Anyone and everyone can be famous, right? This sentiment is ever more true thanks to social media, where your 15 minutes of fame could be just around the corner. So what makes a famous person special, besides good timing, hard work, and good marketing and networking skills? I used to think the answer was: nothing. Celebs, they’re just like us. Right?

I’ve worked at high-end clubs, meeting and greeting many a local celeb and influencer; I’ve worked backstage at music festivals with international musicians; and interviewed famous faces, but I’ve remained unmoved. Perhaps this is the quality that allowed me to do these things, without being a liability; prone to gushing and fan-girling. Maybe it’s truly because I believe that [being a] celebrity is an illusion, or maybe it’s the inner Capetonian in me who refuses to be seen ruffled, who is too cool to act like they care. But on a recent trip to the US, this changed. 

Customs encounter

I’d been to Hollywood and LA, and the only stars I’d spotted were plaques on a pavement. This was disappointing, because I was ready to be wowed. If I was going to be touched by someone’s enigma, Hollywood would’ve been the place. While leaving LAX I was taking my shoes off at security thinking idly, ‘Odd that I didn’t see anyone famous here’ when two security guards pushed in the line.

I looked up and saw a tall woman in a grey hoodie and black trench coat with black leggings and curly hair next to me. Her body language was harried, rushed and a little abashed. I immediately clocked that this must be someone *important*. The look on the airport security woman’s face confirmed it. This was a *famous* person. So I peeped to my left. And she looked back at me.

I realised that I was locking eyes with Zendaya Coleman. No make-up, real, dressed down, in the flesh Zendaya. And I was shocked at my reaction. My heart-rate accelerated. I thought ‘I hadn’t realised til now how much I like her’. And then she smiled the smallest, wariest smile at me and proceeded barefoot through the security gate. I was in undeniable awe despite myself. I was touched.

Zendaya and I passed each other twice more in the departure lounge. I was tempted to introduce myself because there was an air about her that was at once bigger than her, but also easy to approach. But I didn’t, mostly due to the size of her entourage. I was just about to board a nine-hour flight, and I didn’t feel like being tackled by a bodyguard.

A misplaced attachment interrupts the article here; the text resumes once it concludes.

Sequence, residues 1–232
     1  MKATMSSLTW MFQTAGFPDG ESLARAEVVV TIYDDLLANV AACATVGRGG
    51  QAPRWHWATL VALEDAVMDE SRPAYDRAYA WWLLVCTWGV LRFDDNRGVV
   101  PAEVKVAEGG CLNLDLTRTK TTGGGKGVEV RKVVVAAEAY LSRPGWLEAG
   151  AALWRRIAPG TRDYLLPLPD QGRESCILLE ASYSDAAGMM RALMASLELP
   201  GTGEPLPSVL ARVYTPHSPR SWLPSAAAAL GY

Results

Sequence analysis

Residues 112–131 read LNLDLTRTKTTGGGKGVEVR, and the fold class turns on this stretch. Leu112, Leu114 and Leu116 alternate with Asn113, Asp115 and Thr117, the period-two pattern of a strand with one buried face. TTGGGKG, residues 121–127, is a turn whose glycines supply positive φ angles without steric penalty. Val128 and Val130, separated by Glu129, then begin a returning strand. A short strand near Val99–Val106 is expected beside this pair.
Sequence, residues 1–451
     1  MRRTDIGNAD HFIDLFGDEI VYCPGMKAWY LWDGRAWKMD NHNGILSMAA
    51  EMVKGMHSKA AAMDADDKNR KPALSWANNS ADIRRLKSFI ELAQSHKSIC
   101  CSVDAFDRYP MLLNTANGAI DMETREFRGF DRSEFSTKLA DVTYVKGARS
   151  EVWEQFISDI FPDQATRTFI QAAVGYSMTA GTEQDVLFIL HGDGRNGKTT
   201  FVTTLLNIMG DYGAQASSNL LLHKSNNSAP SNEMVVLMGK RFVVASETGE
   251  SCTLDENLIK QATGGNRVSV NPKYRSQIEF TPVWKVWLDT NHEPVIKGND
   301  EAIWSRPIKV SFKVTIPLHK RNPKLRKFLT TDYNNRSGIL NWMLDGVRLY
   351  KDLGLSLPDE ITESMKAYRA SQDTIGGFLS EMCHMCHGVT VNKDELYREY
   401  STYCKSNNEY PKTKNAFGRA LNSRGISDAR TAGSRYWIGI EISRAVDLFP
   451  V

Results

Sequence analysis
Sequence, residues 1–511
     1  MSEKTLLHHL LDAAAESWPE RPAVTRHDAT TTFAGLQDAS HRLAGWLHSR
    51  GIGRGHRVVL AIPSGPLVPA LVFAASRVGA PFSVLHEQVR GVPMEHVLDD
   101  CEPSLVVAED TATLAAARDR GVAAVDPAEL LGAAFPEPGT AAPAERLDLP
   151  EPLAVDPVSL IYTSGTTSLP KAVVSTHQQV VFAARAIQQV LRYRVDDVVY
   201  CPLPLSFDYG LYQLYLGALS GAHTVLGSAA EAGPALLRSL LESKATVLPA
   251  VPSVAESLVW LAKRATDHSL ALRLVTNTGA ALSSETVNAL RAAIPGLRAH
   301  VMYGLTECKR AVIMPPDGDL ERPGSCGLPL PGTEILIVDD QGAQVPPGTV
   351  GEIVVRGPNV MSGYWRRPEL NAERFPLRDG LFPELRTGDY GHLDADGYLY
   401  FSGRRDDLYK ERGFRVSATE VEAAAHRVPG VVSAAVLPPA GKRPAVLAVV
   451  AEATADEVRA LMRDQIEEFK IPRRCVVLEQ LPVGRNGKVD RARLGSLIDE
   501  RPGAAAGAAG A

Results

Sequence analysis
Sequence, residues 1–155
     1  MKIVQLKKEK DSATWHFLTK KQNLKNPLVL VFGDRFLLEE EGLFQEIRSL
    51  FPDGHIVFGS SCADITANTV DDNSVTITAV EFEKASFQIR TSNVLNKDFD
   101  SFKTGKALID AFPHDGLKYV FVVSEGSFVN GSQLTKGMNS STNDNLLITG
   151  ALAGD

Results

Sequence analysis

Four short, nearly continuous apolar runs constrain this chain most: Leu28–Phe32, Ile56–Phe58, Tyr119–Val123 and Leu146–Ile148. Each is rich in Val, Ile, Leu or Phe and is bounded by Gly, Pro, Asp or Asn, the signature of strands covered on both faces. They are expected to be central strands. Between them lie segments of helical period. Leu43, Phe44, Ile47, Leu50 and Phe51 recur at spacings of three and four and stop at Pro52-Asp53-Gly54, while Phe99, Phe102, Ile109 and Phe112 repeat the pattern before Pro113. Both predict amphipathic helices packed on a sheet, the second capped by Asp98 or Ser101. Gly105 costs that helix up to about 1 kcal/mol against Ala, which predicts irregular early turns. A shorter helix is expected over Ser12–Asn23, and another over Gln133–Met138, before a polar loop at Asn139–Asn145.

Fan-girl convert

Here’s what I know about Zendaya Coleman. She’s a former Disney star: my little brother used to watch her show Shake It Up. Then suddenly she was everywhere, with 52.7 million followers on Instagram. She has a voice that she uses to talk about respectability, politics, body positivity, and how important representation is. As a writer I’d covered her clapping back at haters on Instagram, her Barbie collaboration, her role in The Greatest Showman and of course, her style. There is a hype around her: ‘the voice of Generation Z’, as she’s been dubbed. She shifts between a 22-year-old and a Hollywood star seamlessly, but always authentically.

Did I buy it all? Not until I saw her, IRL, like this:


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Yes for my white shirt being the perfect light bounce.

A post shared by Zendaya (@zendaya) on

Once on the plane it got me thinking, what makes a celeb a celeb? Is it the god-like attributes we give them? Or is it that they really are different from your ‘average’ person? How could I explain the feeling that I had come into contact with something bigger than myself, when at 1.78m Zendaya is only like 18cm taller than me (okay, so a lot taller than me)?


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The Zendaya factor

The concept of celebrity can be problematic, but not if those we put on a pedestal recognise their position and use it to uplift and empower others, and give airtime to causes that matter. Our idolisation can be the problem within itself, where we see someone as more than a human being and then drag them when we realise that they are not gods. It is this humanity that makes the A-List just that, too. Beyoncé, Angelina Jolie, Yara Shahidi and yes, Zendaya, are all celebrities that go further than lights, camera, action. If I was to be a fangirl, it may as well be for Zendaya. I mean:


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1/3 posts coming…just a warning, I’m feelin myself lmao

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So what gives someone that X factor? Is it their ability to connect with people on a wider scale, or is it their beauty, or their talent? Or is it really that intangible aura of something else-ness? I’m still not sure, but what I do know is that it exists. Because I saw Zendaya.

Ed’s note: Zendaya is currently the cover star of our November issue: grab a copy to get to know ‘the voice of Generation Z’!